The machine is of proved utility. Among others using it are the United States government, the Canadian government, and the printer of the British government.
The first machine bearing the branch driving feature made by Lindbladh was erected and in operation on March 25, 1922 at the plant of the H.E. Lindbladh Company in Boston. The work on the machine was begun in the fall of 1921 and finished in 1922 at Franklin, N.H., by the Lindbladh Corporation. These facts were testified to by Cloutier, an employee of the Lindbladh Corporation since 1916. Corroboration was given by Frederick H. Kelley, a foreman employed in the shop at Franklin, by Richard E. Kelley, a machinist, who also testified as to certain alterations made on the machine in April, 1922, and by Robert T. Duffy, treasurer of the Lindbladh Corporation, who produced a bill of sale dated November 26, 1921, before the machine was finished. Mr. Duffy testified that the shipment from Franklin to Boston was on March 8, 1922, and he also corroborates the other witnesses as to the modifications made in the drive on April 29, 1922.
I find then that there was a reduction to practice on April 29, 1922, and that the conception of the branch drive dates back to October, 1921, after Lindbladh saw the Gresham machine in New York. The disclosure was to Kelley on October 22, 1921.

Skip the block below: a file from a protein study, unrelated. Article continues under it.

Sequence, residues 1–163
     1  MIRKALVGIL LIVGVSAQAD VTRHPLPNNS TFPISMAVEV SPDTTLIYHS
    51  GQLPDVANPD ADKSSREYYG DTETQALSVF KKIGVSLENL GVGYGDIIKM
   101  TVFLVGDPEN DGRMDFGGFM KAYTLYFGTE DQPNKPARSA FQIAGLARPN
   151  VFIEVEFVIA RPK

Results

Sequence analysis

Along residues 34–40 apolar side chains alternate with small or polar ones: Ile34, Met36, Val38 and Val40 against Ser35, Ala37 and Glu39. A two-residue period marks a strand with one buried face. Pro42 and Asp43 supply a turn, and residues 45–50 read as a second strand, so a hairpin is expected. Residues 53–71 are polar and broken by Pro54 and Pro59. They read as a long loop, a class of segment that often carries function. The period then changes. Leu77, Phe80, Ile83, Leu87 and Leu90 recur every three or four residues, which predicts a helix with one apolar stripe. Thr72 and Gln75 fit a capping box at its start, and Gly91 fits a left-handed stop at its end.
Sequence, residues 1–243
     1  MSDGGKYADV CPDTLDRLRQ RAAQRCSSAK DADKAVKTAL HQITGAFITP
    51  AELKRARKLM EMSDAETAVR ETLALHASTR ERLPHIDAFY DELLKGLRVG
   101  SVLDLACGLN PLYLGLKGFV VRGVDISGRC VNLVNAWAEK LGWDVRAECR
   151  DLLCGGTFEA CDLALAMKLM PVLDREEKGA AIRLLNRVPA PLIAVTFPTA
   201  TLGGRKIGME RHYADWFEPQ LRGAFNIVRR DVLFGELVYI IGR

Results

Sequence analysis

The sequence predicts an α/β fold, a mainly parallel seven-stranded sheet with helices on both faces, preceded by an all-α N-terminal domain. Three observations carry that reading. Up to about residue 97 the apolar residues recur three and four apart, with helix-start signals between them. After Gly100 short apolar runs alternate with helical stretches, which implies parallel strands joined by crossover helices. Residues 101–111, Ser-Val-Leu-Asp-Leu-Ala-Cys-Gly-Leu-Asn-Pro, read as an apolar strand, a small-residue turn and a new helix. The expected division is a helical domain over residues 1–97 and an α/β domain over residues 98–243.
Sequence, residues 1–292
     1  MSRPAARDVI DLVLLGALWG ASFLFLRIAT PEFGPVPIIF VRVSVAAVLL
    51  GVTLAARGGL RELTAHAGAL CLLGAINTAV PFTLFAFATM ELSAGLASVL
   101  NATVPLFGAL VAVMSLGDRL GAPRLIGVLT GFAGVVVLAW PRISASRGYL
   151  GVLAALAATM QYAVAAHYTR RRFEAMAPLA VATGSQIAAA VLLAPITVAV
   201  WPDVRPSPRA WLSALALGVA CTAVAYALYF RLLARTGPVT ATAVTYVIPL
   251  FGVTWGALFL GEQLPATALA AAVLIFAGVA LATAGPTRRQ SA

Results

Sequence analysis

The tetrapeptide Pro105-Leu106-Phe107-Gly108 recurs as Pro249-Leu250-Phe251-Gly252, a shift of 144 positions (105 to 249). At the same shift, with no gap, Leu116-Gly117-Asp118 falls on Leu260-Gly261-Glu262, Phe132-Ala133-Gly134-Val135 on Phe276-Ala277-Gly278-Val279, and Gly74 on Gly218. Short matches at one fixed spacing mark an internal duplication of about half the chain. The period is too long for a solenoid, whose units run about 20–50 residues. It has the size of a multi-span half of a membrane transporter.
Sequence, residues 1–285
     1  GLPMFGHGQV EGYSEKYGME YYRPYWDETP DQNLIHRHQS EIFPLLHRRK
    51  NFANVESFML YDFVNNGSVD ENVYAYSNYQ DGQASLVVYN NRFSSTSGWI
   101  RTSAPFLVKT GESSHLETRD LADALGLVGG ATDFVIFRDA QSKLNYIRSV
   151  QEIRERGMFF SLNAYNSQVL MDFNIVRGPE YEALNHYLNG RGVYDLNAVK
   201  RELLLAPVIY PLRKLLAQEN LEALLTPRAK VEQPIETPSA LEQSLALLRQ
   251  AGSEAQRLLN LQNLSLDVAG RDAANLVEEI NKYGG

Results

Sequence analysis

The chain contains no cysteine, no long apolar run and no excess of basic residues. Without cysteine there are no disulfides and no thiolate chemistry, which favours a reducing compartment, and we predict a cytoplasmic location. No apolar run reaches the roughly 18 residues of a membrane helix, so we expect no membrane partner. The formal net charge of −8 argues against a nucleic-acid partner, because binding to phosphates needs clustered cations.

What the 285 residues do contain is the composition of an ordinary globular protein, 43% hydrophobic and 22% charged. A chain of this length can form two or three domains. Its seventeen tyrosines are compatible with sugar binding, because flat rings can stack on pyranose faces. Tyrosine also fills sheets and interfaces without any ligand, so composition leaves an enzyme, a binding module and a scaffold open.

This conception and the reduction to practice were prior to Broadmeyer's filing date. Broadmeyer attempted to prove reduction to practice as of February or March, 1922. At that time the Hickok Company sold its first double striking machine to the Schaeffer Company at St. Louis. Thompson and Broadmeyer testified that this machine corresponded to the device defined and disclosed in Broadmeyer's patent, No. 1,846,582. The proof in this respect is not convincing. The Schaeffer machine is still in existence. Thompson testified at the trial in contradiction of his own testimony given in the public use proceedings as to the drive in the Schaeffer machine. Lindbladh and Duffy inspected the machine in March, 1927, when they were in St. Louis in connection with the public use proceedings. The condition of the machine then was the same as when first installed. Their testimony is in flat contradiction to that of Thompson and Broadmeyer, and is to the effect that the second half of the machine was driven from the cam shaft to the first machine. There was not a branch drive.